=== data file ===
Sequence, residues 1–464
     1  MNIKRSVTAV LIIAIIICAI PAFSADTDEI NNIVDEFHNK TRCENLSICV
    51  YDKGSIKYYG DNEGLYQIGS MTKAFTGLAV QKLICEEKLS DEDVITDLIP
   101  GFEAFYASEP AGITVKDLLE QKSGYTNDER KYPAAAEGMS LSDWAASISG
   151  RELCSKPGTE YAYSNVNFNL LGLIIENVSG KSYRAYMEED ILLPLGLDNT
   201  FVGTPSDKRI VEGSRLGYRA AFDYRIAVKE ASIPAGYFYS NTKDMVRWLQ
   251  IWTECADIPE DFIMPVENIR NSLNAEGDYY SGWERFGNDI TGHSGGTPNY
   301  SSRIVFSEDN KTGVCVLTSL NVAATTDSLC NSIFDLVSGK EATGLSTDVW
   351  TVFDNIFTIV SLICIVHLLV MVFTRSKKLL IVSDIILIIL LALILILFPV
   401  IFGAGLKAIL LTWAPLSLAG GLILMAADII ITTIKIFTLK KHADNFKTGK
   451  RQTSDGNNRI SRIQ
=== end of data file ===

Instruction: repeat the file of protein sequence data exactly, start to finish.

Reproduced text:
Sequence, residues 1–464
     1  MNIKRSVTAV LIIAIIICAI PAFSADTDEI NNIVDEFHNK TRCENLSICV
    51  YDKGSIKYYG DNEGLYQIGS MTKAFTGLAV QKLICEEKLS DEDVITDLIP
   101  GFEAFYASEP AGITVKDLLE QKSGYTNDER KYPAAAEGMS LSDWAASISG
   151  RELCSKPGTE YAYSNVNFNL LGLIIENVSG KSYRAYMEED ILLPLGLDNT
   201  FVGTPSDKRI VEGSRLGYRA AFDYRIAVKE ASIPAGYFYS NTKDMVRWLQ
   251  IWTECADIPE DFIMPVENIR NSLNAEGDYY SGWERFGNDI TGHSGGTPNY
   301  SSRIVFSEDN KTGVCVLTSL NVAATTDSLC NSIFDLVSGK EATGLSTDVW
   351  TVFDNIFTIV SLICIVHLLV MVFTRSKKLL IVSDIILIIL LALILILFPV
   401  IFGAGLKAIL LTWAPLSLAG GLILMAADII ITTIKIFTLK KHADNFKTGK
   451  RQTSDGNNRI SRIQ